Pandemic Impact on Healthcare Staff and Management Relationships

Understanding negative & positive consequences

Hospitals around the world are certainly used to the complexities associated with caring for the sick and injured, making sure quality and safety systems are effective, appropriate allocation of human, equipment and supply resources and operating so that finances are stable. This typical balancing act can be a challenge in the best of times.

The 2020 pandemic hit the healthcare industry with unimaginable new levels of complexity and it’s important for healthcare leaders to consider the impact on the relationship between staff members and management teams.

Depending upon the individual organization, there are sure to be some positive effects from how the pandemic response was led but there are surely negative effects on morale that should not be ignored.

An article published by the International Hospital Foundation identified four key factors to keep staff engaged and satisfied during this stressful time:  Protection and Support for Well-being, Education and Training, Communication and Guidance & Personal Encouragement.

The 2020 pandemic hit the healthcare industry [...] and it’s important for healthcare leaders to consider the impact on the relationship between staff members and management teams. 

Of course every healthcare organization has its own culture, priorities and history, but here we review a list of likely issues that should be considered as providers prepare to continue to adjust to pandemic pressures and plan for a post-pandemic world. 

Negative Impact Issues

Loss of Control

As management teams attempted to respond to pandemic demand and risks often in a hurried fashion, it is common that some decisions were made without staff input and some of these decisions were not well received by staff.

Decisions on who works at home and who doesn’t, who gets more Personal Protection Equipment, whether staff can continue to work in their role or be reassigned to a similar or different role were areas where staff members could easily feel that their control over their work was taken away. No matter what the reasons were for any of these types of decisions, without time and interest in gathering fresh staff insights, the risk for resentment and disengagement is real.   

Personal Safety Concerns

There is no avoiding the fear associated with staff having potential exposure to a highly contagious virus.  Organizations that didn’t communicate and demonstrate that staff safety was top priority will certainly face a dissatisfied workforce.

In addition to the obvious PPE needs, if leaders forgot to attend to issues such as staff member burnout, insomnia, dehydration, visitor violence, refreshed training and other similar stressors, staff can easily feel unvalued, unimportant and resentful. Even if a healthcare provider tended to extensive staff safety and personal protection issues, if repeated, respectful and clear communications strategies were not in place, staff may never have received the message.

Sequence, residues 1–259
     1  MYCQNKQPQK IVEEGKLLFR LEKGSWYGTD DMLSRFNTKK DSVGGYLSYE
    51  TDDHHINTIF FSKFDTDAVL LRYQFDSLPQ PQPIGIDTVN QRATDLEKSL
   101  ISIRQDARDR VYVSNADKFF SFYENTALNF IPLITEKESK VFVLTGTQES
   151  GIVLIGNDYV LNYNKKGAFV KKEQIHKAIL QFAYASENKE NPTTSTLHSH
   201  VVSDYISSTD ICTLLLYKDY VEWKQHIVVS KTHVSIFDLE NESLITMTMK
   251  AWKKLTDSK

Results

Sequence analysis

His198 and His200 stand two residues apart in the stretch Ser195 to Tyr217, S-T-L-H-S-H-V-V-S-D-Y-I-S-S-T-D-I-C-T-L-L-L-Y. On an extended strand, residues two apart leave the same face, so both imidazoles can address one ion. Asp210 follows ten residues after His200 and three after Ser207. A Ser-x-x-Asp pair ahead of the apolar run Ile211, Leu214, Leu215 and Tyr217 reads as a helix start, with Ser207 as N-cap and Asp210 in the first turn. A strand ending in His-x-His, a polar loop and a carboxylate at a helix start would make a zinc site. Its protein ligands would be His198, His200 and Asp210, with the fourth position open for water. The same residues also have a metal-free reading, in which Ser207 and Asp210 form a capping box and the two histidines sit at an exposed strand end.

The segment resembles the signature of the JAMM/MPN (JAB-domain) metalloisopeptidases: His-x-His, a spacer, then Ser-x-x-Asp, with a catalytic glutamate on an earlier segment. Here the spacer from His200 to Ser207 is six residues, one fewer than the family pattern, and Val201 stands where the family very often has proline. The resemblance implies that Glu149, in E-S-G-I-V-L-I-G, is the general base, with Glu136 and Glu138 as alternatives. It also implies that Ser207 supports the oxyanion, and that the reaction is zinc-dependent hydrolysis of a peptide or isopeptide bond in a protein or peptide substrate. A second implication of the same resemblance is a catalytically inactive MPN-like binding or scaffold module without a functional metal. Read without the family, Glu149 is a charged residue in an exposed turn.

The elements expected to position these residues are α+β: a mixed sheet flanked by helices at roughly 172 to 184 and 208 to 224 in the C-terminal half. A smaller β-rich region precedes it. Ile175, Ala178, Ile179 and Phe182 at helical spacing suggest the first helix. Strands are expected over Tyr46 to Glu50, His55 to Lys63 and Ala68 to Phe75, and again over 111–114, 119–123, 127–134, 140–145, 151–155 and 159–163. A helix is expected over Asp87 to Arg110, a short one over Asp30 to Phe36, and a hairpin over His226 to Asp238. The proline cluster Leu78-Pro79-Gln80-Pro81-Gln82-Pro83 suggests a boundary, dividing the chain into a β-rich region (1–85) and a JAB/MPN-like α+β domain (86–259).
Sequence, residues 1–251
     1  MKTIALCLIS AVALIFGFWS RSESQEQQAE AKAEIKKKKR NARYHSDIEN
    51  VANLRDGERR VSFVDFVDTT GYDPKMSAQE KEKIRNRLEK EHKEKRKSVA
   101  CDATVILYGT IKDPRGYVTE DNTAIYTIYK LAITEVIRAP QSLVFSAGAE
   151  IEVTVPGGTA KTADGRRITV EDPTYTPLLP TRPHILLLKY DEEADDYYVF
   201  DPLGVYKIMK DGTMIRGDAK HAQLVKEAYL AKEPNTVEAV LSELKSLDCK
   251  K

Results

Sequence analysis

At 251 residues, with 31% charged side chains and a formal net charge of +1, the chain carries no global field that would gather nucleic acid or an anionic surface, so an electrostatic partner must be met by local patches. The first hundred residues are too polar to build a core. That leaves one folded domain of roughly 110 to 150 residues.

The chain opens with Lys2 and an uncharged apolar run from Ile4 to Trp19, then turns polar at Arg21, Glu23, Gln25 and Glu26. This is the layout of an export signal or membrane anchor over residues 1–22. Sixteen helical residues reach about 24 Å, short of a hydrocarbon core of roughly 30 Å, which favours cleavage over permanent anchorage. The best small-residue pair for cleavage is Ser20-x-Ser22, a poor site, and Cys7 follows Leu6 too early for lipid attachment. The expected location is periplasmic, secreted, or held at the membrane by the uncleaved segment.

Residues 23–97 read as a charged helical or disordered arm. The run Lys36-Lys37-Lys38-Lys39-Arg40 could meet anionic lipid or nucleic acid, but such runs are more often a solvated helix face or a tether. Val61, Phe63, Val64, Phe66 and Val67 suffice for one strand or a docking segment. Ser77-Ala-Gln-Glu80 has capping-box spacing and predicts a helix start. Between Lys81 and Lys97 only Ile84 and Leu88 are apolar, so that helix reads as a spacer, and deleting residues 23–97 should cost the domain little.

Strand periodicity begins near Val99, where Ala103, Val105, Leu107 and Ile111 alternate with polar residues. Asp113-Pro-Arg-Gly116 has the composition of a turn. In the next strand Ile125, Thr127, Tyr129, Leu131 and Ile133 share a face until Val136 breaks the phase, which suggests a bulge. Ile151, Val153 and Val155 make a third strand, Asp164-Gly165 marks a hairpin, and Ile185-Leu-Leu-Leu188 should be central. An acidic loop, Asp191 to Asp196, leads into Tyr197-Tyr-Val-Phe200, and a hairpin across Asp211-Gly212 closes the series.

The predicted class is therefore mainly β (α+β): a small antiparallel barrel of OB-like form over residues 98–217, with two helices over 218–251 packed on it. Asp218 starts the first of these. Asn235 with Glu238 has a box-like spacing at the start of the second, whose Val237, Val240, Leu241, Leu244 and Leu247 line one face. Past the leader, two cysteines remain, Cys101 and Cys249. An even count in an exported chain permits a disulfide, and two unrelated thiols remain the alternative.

Although there may have been good reasons for some rules to apply differently to different groups, the perception of pandemic response policies being required for some groups and not for others can easily break trust between the staff and managers. 

When executives are permitted to work from the safety of their homes while the frontline faces everyday strains and risk to their personal health and wellbeing, disengagement will grow over time.  As work site decisions are made, it’s important to weigh the impressions that will be made alongside the practicality of each decision. 

When staff feel their leaders are by their sides, truly understanding and able to empathize with their concerns, trust can be maintained.

Positive Impact Opportunities

One Team Syndrome

When any group faces a crisis together, the shared experiences can strengthen long term bonds. The pandemic has certainly tested the strength and commitment of everyone in the healthcare industry and when staff and leaders face these types of pressures as one supportive team, the lasting impact can be very positive.

Ways to promote this positive impact during a terrible crisis is that leaders stay visible and available to staff throughout the crisis. That staff who are worried or struggling know they can easily reach out for help and won’t be ridiculed for doing so.  Staff seeing leaders assisting “in the trenches” from time to time sends a strong message that everyone in the organization is part of one awesome team.

If the seeds of a strong unified team are planted during the pandemic, there will surely be great benefits to the culture and future performance of the organization. 

Unveiling New Star Performers

In almost any grand crisis, people rise to the occasion and impress their co-workers with their previously unknown talents, their commitment, dependability or rigor.

During the pandemic leaders should be on the look-out for staff members who went above and beyond to make a difference for patients or for the greater good of the organization. The complexities of the pandemic lead to many situations where a single individual could make a tremendous difference for the greater good.

Although there are many tasks to be done, leaders should make a deliberate effort to take note of Star contributors during this stressful time to recognize them during or after the crisis.  These people should be identified as high-potential contributors for future leadership roles. Leaders should also set aside time to show appreciation in big and small ways to all those who stood out as star performers during this unprecedented emergency. 

Picture of Diane S. Hopkins

Diane S. Hopkins

Senior Leader Healthcare Practice for Extens Consulting

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